The vulnerability of impoundments has been dramatically demonstrated throughout their history and the need for regulation of these structures within Great Britain was identified by the jury at the inquest into the Dale Dyke Dam failure, which occurred 150 years ago, in 1864. No legislation was brought forward at that time. Over sixty years passed and again the issue of dam safety was brought back to the attention of the British public as there were two catastrophic structural failures which occurred within a short space of time in 1925. A cascade failure, involving two dams impacted Dolgarrog in North Wales, killing 16 people and a dam failure in Skelmorlie, North Ayrshire, Scotland killed 5 people.

These failures led to the introduction of the Reservoirs (Safety Provisions) Act in 1930, which was subsequently updated as The Reservoirs Act 1975. However, this legislation does not apply in Northern Ireland.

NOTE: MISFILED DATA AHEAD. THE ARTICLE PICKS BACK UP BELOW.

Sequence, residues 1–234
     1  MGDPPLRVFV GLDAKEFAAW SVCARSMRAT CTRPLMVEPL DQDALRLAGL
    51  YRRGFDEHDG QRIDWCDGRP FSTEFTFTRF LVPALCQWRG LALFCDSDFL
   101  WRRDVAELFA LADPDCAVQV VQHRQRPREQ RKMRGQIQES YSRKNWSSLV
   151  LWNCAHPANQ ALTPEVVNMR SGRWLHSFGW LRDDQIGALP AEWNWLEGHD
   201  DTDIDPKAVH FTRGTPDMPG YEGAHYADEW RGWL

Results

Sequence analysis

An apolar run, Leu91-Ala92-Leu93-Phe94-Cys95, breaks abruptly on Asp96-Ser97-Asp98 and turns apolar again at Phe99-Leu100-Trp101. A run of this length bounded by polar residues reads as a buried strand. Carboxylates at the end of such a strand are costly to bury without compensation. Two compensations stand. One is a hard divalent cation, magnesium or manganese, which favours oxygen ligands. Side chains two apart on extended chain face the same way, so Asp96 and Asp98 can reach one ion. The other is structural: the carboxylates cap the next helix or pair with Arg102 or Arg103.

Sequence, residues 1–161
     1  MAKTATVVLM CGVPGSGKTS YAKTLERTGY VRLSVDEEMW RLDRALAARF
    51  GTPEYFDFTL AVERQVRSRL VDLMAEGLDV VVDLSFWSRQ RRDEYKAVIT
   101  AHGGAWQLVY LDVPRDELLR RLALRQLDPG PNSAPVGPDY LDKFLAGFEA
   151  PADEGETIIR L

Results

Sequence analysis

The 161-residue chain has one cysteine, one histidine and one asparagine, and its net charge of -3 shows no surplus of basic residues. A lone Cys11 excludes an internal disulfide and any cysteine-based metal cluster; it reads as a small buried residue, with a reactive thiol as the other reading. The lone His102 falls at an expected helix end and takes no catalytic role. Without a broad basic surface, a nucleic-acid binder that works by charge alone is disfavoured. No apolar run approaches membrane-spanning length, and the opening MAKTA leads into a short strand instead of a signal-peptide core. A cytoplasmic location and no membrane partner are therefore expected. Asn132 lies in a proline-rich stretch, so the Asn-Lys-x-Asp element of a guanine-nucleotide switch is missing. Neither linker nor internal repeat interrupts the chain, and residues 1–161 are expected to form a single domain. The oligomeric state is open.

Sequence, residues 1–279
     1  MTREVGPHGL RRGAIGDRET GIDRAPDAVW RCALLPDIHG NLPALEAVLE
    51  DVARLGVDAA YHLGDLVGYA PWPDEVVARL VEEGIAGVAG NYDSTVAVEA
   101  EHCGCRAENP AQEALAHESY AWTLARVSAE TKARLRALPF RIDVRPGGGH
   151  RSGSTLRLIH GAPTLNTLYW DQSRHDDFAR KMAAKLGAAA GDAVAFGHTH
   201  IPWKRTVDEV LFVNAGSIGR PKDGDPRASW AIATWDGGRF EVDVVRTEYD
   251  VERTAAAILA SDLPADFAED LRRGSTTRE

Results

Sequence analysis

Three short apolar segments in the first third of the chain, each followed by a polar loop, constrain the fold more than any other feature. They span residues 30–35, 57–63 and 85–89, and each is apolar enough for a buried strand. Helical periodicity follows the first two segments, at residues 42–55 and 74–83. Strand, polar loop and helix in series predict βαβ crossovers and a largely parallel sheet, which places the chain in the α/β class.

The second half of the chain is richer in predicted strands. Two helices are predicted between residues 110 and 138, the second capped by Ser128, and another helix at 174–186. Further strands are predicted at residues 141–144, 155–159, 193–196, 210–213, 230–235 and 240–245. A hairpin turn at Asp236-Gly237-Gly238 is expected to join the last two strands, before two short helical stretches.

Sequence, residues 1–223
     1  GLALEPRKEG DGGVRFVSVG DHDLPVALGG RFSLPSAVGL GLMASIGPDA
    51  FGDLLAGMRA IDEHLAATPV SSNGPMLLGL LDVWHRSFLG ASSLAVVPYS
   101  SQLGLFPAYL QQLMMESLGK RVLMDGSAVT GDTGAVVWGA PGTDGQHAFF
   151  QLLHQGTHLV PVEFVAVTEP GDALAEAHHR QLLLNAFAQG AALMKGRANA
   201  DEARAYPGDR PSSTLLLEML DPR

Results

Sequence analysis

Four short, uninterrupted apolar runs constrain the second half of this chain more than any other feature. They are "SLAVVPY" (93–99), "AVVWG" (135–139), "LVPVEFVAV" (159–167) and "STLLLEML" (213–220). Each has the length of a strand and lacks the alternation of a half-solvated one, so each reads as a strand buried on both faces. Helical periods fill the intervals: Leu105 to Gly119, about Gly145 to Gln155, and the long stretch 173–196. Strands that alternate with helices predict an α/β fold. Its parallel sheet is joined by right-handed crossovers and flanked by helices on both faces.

There are two references in the Northern Ireland Statute book to reservoir safety. One is contained in Article 33 of the Drainage (Northern Ireland) Order 1973. The other is in Article 297 of the Water and Sewerage Services (Northern Ireland) Order 2006. This legislation enables the making of ‘regulations with respect to the construction, inspection, maintenance and repair of reservoirs and dams’, however, no such regulations have ever been brought forward. There is, therefore, no regulation of reservoir safety in Northern Ireland, which means that it is left to the discretion of owners and operators under common law, (that is law developed by judges as the outcome of legal cases).

DARD Rivers Agency is the competent authority for implementation of the EU Floods Directive and the Preliminary Flood Risk Assessment (PFRA) which was completed in December 2010, and identified reservoir failure as a potentially significant flood source within Northern Ireland.